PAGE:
Last week I took two people to bed with me, and it reminded me of the expression I had learned while studying journalism. “Kill your darlings.” It is a classic piece of advice given to writers, meaning to eliminate an unnecessary storyline, character, or sentence in writing. Over the years, this expression has also acquired a broader symbolic meaning in life. Everything in life is about choices, Big or small. If we are in favor of something, there is something else that needs to be reprioritized. Such is this dualistic life on earth, and why “choice” is the theme of this post and sharing my experience from last week.
On Sunday, I decided to go for a walk around Nøklevann. The walk around the lake in my area offers a varied landscape and is just the right length. I needed to get out into nature and move some energy:
- I needed to move the energy of the past week. It hadn’t been bad, just full of situations and decisions.
- I needed to shake off the ones I had taken to my bed.
- I wanted to be creative, take pictures, and make a simple blog post with 5-7 photos. It would help me break the passive ice I had been frozen into, which I blamed on my shame for procrastinating editing my interviews with various people.
When I set out on the walk, I was completely unaware that it would also be an icy experience. The slippery path required my total presence and sharpened all my senses. I had to watch every step carefully, or I could fall. At worst, breaking a body part. Balancing on the ice and, at the same time, looking for motifs took a lot of effort. The beautiful sunlight brought out different shades of color in the ice and nature. Everything was just so beautiful. How could I choose to limit it to 5- 7 photos? I had planned, wanting to avoid killing my darlings, and there I was. Again choice. Decision. Choice. Decision. The same topic that made me take two different people into my bed.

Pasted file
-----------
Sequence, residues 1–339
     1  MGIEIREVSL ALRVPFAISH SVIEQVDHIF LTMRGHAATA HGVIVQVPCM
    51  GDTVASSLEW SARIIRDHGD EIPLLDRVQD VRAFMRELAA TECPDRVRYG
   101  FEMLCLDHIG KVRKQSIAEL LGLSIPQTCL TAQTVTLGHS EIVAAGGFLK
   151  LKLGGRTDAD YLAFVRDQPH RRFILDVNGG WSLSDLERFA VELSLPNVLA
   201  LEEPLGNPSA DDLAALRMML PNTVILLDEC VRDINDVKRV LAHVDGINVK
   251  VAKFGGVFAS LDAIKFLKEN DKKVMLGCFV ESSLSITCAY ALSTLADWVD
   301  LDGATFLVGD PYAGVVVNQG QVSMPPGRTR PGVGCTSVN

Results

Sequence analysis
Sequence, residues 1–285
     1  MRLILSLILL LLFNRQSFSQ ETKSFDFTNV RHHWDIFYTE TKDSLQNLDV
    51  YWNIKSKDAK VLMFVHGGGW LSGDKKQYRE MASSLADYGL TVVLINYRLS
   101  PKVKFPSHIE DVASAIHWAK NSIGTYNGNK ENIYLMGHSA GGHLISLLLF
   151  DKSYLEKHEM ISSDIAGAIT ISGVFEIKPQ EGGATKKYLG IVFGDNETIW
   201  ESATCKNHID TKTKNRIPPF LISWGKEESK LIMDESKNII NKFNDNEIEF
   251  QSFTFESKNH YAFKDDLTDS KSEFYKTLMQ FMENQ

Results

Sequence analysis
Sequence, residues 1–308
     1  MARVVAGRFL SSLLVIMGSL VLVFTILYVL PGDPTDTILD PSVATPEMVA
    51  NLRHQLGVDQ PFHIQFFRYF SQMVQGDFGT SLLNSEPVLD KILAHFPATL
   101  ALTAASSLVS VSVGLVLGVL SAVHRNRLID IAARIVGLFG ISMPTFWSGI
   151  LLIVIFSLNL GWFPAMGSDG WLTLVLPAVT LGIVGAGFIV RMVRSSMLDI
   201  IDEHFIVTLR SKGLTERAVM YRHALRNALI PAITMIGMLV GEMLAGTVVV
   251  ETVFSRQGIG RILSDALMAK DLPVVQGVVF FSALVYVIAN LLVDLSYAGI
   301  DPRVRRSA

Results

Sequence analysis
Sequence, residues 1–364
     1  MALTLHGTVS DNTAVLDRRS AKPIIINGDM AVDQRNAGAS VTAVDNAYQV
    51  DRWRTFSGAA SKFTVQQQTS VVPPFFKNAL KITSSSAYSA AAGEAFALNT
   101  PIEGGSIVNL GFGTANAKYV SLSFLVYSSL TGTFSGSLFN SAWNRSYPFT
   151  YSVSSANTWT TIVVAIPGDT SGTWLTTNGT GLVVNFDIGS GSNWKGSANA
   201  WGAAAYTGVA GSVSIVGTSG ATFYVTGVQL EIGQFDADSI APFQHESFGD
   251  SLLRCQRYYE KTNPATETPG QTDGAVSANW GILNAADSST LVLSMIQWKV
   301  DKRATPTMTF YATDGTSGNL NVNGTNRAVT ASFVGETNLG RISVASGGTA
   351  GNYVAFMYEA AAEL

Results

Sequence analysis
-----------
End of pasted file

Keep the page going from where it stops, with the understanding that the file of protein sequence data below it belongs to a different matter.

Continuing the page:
One of the relationships weighed on me, which is how it ended up in my private space.
I was not proud of the person I became in the encounter with a 9-year-old at work. I knew I had to take responsibility for changing the course and getting us out of our hostile interactions. Children are children, and yes, they can trigger us (believe it or not), but I had more power in my role as an adult. I knew very well that using power without my whole heart would have disastrous consequences. Just take a look at the state of the world. It speaks for itself and says a lot about who our leaders are and how they are using their power. But back to me and that Kid.
“How could I turn the situation around?” became the big question, eating up my energy in the silent moments of the night.
On the other hand, the other relationship was of a very different nature. It made me bubble with joy. I whimpered inside and wanted to scream out loud:
“Take me! Take me! Take me to heaven.”
A man had appeared in my life and awoken a dormant longing inside me, but was I brave enough to express it to him? That was the other big question that occupied my mind when the evening calm was supposed to rock me into the landscape of dreams.
And how did both stories end?
“I’m sorry. You’re right. I should not have done that.” was my response in the following situation with the Kid. I made a conscious choice to respond differently, not giving in to my triggers.
In turn, that brought out the kindness in her, and suddenly we were in another place. A space open for dialogue.
“We have misunderstood each other. Let’s try to start over. What do you say to that? How do you want me to meet you?” I listened to her answers and was also honest with mine. I said I couldn’t accommodate some of her wishes and explained why and she accepted this.
What a conversation. What a victory. I had managed to turn the situation around through a conscious choice. It was a victory for her, for me, for both of us. Maybe the peace won’t last forever, but I know now how to cope. I can always make a conscious choice and not give in to my triggers.
And in the second relationship, which had me bubbling with joy?
Even though my whole heart knows that life becomes relatively tame if I don’t dare to take chances, I gave in to my fear of rejection. I didn’t dare take the risk. Am I a coward? Maybe. Should I have chosen differently? Maybe.
But who knows, maybe I will wake up braver tomorrow and choose differently; however, for now, I get out my Frucow ( A mixture of frustration over being a coward) by putting it into words.
What about you? Have you faced any small or more significant decisions lately? And what was your choice based on?
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